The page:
The Disrupters: Working Outside The Business Norm

Can their creativity win big in the business world?

The Disrupters: Working Outside The Business Norm

The Disrupters

By Fast Company Staff

Can their creativity win big in the business world?

ABC fired its programming chief for green-lighting Lost. Howard Schultz shrugged off the Starbucks worker who first pitched a blended-coffee drink. For most businesspeople, realizing any creative vision–while addressing concerns about scale, tradition, and profitability–is a Herculean task. Here, 10 bold thinkers tell us how they pulled it off (or tried to), and the lessons they learned along the way.

1. the mindful messenger

Maryam Banikarim
SVP and CMO, Gannett

Trust your gut.

“When I was a marketing SVP at NBC Universal, I helped organize a thing called Day One, which was supposed to celebrate the merger with Comcast. [My bosses] were like, ‘We need a gift for employees. We can make 30,000 folders with notepads in them.’ But I didn’t want to give a meaningless tchotchke. So I came up with a purpose line–that NBC Universal is in the idea business–and a new gift to match it. All 30,000 employees got Moleskine notebooks that had sketches of great ideas: the back of a napkin note that became SNL, the cable transponder that became Comcast’s business. The letter attached said, ‘All great ideas were created by somebody,’ and encouraged employees to submit their own. People told me the project wouldn’t get approved, that it was way too esoteric. But it was a huge hit.”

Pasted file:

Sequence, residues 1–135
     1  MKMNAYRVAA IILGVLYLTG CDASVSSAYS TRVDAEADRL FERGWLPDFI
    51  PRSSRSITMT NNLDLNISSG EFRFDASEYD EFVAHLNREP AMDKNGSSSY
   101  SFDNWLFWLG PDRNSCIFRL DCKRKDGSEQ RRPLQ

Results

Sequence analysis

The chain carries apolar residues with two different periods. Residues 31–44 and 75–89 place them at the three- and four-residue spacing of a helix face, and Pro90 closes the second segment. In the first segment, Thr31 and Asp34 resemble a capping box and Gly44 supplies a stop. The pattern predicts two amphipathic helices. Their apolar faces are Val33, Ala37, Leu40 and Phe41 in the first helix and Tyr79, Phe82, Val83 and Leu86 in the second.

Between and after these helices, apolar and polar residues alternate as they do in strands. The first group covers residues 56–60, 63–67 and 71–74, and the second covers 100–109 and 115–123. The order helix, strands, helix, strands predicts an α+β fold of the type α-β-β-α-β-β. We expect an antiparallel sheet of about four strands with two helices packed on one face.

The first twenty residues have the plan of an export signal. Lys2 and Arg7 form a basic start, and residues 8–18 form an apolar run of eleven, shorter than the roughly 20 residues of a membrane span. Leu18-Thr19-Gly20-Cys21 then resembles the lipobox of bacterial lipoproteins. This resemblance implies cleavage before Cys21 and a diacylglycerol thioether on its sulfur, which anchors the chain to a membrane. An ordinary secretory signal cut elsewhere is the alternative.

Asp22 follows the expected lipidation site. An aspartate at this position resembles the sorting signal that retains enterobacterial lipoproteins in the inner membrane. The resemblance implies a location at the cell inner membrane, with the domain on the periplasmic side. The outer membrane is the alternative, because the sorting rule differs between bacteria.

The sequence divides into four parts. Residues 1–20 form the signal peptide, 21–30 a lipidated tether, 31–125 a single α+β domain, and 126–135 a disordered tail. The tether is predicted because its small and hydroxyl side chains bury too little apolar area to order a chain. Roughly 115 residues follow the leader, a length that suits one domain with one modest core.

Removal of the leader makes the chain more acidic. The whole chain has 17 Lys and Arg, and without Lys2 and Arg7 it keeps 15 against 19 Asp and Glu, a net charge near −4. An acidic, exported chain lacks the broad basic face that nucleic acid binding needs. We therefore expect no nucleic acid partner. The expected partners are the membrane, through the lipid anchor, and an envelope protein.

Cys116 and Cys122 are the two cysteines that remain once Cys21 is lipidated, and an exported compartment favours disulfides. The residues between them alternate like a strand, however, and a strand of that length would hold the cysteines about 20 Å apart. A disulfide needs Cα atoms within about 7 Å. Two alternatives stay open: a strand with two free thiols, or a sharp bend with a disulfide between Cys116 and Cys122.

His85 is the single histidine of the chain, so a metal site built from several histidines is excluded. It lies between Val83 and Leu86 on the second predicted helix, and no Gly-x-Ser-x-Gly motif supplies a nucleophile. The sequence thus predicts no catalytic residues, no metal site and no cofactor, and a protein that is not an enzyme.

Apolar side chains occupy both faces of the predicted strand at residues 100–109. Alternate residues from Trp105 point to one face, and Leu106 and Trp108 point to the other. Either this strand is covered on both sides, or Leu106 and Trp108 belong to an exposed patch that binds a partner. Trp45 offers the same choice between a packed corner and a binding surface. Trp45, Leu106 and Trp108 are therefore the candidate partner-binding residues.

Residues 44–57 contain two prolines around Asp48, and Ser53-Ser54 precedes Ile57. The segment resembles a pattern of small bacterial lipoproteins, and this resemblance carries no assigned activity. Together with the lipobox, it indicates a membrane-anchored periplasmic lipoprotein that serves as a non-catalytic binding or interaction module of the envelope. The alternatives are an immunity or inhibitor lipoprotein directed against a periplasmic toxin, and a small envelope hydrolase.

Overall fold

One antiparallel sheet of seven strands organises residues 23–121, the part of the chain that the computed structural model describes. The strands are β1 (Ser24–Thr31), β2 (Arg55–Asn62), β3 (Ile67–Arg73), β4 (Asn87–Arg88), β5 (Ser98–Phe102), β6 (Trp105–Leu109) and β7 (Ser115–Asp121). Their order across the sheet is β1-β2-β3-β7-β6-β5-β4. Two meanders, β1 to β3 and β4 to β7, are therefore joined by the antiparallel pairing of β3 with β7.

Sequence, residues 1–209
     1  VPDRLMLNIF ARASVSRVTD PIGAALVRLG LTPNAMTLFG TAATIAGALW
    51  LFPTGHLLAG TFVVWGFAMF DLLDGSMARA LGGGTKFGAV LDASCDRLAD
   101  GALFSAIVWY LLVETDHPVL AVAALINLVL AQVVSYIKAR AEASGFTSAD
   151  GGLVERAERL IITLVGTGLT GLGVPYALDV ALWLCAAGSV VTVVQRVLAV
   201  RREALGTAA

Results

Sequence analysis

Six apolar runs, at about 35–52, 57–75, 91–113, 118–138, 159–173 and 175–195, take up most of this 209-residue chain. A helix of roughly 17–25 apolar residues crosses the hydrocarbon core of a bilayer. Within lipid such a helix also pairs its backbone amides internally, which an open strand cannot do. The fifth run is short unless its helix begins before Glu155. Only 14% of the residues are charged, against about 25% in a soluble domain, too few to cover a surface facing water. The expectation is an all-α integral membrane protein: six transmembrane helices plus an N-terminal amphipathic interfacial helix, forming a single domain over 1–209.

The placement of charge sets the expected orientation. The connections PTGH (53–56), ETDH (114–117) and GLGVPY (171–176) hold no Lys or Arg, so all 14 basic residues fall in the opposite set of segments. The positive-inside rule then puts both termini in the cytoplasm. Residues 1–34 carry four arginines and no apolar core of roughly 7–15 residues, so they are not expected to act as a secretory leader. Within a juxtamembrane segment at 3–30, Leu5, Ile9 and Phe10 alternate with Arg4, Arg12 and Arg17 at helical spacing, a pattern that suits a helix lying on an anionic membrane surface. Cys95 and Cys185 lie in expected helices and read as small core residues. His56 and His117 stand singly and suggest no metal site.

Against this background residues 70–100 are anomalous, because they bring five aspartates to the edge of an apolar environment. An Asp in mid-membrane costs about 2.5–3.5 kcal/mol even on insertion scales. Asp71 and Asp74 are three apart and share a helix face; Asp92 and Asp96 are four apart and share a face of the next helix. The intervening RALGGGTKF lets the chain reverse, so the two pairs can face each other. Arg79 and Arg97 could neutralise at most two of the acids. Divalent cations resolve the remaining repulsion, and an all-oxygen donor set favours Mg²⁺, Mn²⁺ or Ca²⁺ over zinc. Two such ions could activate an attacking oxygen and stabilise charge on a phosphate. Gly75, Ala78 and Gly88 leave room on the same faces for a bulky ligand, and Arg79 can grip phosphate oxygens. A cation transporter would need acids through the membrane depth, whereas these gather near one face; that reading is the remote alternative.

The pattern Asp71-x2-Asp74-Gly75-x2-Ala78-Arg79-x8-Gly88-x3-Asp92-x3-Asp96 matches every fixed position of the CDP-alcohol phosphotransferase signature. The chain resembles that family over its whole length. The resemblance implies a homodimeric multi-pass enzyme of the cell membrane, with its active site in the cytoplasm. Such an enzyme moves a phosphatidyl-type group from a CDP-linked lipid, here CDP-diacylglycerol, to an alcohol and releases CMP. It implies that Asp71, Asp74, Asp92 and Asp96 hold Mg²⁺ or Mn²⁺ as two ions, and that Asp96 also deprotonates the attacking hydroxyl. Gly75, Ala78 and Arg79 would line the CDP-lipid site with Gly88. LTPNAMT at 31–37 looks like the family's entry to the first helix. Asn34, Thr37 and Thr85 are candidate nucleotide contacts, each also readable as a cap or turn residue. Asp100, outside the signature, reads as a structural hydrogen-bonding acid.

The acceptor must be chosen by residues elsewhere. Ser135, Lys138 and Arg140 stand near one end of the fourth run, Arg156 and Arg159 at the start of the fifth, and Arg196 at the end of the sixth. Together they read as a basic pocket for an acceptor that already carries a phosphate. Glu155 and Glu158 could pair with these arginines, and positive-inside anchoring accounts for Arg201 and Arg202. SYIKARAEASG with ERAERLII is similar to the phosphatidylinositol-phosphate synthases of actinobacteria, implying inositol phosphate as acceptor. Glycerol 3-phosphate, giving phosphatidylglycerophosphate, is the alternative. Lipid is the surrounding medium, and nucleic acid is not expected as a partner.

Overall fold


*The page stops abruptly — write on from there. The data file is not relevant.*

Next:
2. the people pleaser

Tony Salvador
Ethnographic Researcher, Intel

Creativity can survive compromise.

“In India, [my team and I] visited a series of schools. We talked to the whole network involved– administrators, principals, teachers, kids, parents. We took photos. We took notes. We listened. And we came up with this idea for a tablet computer specifically for education, specifically for India, called the Classmate PC. We thought it was pretty cool. Our boss said it needed to have a keyboard. We said that would defeat the purpose; scripts in India don’t use keyboards very easily. He said it needed to look like the other things we make. So we looked at each other and said, ‘Well, if it’s not going to sell in India, let’s sell it to the rest of the world.’ And we did. The Classmate PC was not exactly what we wanted it to be, but it still had value.”


Joichi Ito
Director, MIT Media Lab

Fight for flexibility.